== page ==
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You're Enough

I've come a long way as a African woman. I used to hate the way I looked. I hated my skin color, my hair, my slimness. My lips. I did not like these things about myself because people pointed them out to me as out of the ordinary and I like to be ordinary.

Then I'm less. I know nothing. Therefore I am less. right?

For a great percentage of my self-awareness. I've looked at myself as less. Someone may say "well that explains why she was depressed". Nah let's not get into that lol.

There was a day I looked at myself in the mirror and I wondered, why am I not good enough? I remember it like it was yesterday. I was in high school. I stared at myself and I asked “what's wrong with me?” “I think I’m pretty. ““So why am I less? and why am I not good enough.”

One thing I want to focus on is value.

As a young individual, you always want to place your worth and value in the hands of others because others see the you your reflection does not tell you about. When I stopped caring, I stopped placing my worth and value on what others said to and about me.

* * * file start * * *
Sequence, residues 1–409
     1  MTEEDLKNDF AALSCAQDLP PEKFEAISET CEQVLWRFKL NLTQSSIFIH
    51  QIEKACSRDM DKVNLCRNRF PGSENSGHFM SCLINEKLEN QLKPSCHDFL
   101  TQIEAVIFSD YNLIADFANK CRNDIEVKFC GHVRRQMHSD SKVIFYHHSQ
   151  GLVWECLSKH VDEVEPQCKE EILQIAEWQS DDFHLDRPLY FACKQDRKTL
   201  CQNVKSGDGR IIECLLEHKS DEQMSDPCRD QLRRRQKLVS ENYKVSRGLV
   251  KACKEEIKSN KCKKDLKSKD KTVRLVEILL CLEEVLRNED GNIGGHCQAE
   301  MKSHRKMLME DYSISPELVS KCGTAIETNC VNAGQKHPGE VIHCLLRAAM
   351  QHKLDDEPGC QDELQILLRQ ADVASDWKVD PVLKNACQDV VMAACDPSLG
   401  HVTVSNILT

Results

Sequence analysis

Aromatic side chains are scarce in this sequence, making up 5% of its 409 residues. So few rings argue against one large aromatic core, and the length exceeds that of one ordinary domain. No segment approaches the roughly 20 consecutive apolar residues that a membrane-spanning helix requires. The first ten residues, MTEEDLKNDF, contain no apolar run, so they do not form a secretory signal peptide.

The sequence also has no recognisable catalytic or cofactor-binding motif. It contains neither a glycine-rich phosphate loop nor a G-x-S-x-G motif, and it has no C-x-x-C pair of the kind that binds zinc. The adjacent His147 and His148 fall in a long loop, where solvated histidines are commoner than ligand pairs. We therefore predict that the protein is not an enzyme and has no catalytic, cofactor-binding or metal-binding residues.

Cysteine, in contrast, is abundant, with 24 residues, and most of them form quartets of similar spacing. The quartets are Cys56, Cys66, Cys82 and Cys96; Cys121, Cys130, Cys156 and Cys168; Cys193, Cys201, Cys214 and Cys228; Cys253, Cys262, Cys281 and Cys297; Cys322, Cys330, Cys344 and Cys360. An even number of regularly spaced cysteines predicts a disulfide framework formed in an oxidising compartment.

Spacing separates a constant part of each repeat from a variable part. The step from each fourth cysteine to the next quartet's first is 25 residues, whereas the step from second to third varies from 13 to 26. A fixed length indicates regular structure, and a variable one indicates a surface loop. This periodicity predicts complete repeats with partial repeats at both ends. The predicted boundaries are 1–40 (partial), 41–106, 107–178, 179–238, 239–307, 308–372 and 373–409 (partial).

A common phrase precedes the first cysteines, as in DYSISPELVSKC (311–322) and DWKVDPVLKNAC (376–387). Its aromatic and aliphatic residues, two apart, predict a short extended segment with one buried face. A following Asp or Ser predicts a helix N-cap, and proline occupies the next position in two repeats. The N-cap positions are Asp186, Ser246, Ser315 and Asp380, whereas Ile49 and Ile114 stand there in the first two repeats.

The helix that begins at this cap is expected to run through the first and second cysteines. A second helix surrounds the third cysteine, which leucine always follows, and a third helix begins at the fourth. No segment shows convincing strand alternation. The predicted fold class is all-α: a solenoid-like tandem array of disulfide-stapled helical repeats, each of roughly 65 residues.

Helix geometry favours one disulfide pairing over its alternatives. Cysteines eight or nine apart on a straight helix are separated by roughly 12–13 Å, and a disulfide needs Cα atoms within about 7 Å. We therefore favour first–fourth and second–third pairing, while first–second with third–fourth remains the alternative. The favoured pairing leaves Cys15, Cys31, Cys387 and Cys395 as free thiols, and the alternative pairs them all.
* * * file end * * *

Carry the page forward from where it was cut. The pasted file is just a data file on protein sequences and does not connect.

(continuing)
I've had people come up to me to ask, "Why are you so skinny?," or "Why'd you cut your hair like that?" And now my response is "because it's normal. And I like it”.

It's crazy really, because I remember when I was a teenager, my sister would tell me, "Sewa, there's nothing wrong with you being skinny. There are women that would kill to be slim like you".

I remember a day like it was yesterday. I came home enraged about what someone said about me and she asked "You don't think you're pretty?"

And when she said that I got irritated like "what do you mean?" What I did not know was that she was trying to help me to start thinking about how I perceived my beauty rather than others perception.

I began to stare at myself in the mirror and say "You good shorty. You're enough." Until I did not have to say it anymore.

Photo by Shae' Blount
Odabó,
Oluwanitori

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